“I don’t really view this as a political statement,” Kravis said of taking a new job this month with the DC Attorney General — essentially the state-level prosecutor in Washington — at a time when the office is working to increase its focus on public corruption. “I believe deeply in the importance of investigating and prosecuting public corruption cases.”
Kravis refused to say much else about the Stone case and his departure, and instead explained that his new job will largely focus on building out the city’s ability to pursue criminal cases against public officials, campaign finance investigations and other local issues. That could potentially include Trump.
The nation’s capital has historically had little ability to investigate and prosecute because of the Justice Department’s outsized jurisdiction to bring criminal cases in the city, especially compared to states. But DC Attorney General Karl Racine’s office has aggressively pursued Trump through civil cases, such as by suing and attempting to get documents from the Trump International Hotel in DC, and by suing the Trump inaugural committee and businesses for their spending at the hotel during the 2016 inauguration.
“I don’t view (Kravis’) project as being about any sort of one particular public official, organization or any one particular issue,” Racine said on Tuesday. Racine connected with Kravis through a mutual federal prosecutor friend, and the two agreed to a three-month role for Kravis.
Kravis said he believed building a more robust public corruption section for the city, and finding ways to take on some public corruption cases that in the past may have been pursued by the federal office, would be “a win for both offices.”
Racine said that when he saw the prosecutors quit Stone’s case, he was already interested in building out his public corruption team and wanted to “understand the character of the individuals who would make such a — I call it integrity — move.”
“We’re all obviously interested in Jonathan and his career because generally speaking, ‘Profiles in Courage,’ if you’ve read the book, it’s a pretty thin read in terms of number of pages, and he’s already demonstrated such in his young career,” Racine said, referring to the volume of biographies written by then-Sen. John F. Kennedy.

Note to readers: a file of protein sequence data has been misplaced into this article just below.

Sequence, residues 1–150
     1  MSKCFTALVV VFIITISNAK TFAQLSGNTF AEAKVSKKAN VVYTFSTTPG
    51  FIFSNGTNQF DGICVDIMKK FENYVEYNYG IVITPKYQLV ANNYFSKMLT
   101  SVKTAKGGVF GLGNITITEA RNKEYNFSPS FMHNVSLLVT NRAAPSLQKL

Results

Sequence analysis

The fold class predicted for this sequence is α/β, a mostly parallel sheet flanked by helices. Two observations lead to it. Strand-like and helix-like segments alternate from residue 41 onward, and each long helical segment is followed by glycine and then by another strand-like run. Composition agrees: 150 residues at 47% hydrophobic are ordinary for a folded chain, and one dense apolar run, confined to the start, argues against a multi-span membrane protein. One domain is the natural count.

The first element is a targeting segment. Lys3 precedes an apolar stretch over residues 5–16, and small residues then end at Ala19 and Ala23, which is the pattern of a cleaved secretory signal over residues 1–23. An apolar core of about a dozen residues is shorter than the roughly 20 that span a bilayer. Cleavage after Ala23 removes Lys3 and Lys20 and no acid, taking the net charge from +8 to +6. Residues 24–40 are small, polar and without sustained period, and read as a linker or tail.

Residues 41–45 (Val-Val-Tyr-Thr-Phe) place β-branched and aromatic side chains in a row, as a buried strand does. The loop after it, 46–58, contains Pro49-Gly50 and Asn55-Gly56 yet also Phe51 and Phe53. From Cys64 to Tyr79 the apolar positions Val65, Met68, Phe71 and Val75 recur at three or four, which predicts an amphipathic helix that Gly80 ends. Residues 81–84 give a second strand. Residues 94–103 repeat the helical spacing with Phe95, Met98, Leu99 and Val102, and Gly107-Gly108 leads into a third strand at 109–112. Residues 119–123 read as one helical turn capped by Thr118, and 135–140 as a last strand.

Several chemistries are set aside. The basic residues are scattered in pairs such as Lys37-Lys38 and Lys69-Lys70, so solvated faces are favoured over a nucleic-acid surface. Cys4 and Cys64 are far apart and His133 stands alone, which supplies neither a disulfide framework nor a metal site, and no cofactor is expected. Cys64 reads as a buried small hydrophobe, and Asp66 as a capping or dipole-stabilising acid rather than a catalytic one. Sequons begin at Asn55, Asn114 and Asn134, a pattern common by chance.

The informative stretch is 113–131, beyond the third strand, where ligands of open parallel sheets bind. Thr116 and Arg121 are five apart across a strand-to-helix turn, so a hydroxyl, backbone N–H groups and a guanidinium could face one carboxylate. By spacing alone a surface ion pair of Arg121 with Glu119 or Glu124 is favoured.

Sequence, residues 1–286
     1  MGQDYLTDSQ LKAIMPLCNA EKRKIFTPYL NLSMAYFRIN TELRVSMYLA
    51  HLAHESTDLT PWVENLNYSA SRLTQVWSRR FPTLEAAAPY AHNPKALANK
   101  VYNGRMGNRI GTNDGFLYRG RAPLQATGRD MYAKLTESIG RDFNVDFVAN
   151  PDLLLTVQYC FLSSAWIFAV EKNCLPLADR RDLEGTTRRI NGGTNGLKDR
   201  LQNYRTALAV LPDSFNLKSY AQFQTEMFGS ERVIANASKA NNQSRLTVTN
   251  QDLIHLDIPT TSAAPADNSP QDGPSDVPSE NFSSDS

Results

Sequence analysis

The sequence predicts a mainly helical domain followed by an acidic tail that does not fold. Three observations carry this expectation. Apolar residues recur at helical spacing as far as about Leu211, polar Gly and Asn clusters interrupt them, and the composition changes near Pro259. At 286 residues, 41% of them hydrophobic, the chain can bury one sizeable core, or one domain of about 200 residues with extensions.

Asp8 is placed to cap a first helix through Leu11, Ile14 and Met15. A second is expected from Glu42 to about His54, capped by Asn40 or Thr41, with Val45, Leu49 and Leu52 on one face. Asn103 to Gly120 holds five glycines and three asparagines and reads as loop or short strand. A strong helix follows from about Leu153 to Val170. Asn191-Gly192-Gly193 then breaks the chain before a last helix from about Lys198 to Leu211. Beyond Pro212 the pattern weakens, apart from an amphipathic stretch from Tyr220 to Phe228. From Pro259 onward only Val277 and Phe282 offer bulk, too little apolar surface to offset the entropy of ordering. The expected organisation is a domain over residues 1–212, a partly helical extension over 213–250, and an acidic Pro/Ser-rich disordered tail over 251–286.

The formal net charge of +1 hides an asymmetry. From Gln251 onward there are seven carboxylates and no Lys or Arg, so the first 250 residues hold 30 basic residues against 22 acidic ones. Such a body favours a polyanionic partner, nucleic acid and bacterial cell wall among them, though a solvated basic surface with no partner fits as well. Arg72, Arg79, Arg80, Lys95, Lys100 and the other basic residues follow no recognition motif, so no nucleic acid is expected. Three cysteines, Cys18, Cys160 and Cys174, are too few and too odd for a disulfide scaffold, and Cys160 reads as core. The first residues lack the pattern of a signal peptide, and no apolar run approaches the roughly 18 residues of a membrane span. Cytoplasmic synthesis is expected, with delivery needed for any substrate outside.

Kravis said Tuesday that he spoke to some of his former colleagues from the US Attorney’s Office about his move to the DC prosecutors’ office.
Kravis, a former Supreme Court clerk for Justice Stephen Breyer and Obama White House counsel’s office lawyer, had a long-time role in the federal prosecutors’ office in DC, and had become a lead prosecutor on cases opened during special counsel Robert Mueller’s investigation, including Stone’s.
Kravis resigned from the Stone case and from his job in February as a section chief in the DC US Attorney’s Office after Barr lessened his team’s sentencing recommendation for Stone. In a news release last week announcing his hiring, the DC attorney general’s office said that Kravis resigned “over the Department of Justice’s handling of the Stone sentencing memo.”
Kravis declined to comment further on his motivation for leaving the high-powered perch, and also would not say if he has talked to lawmakers, including New York Rep. Jerry Nadler, the Democratic chairman of the House Judiciary Committee, who is reviewing the handling of the Stone case.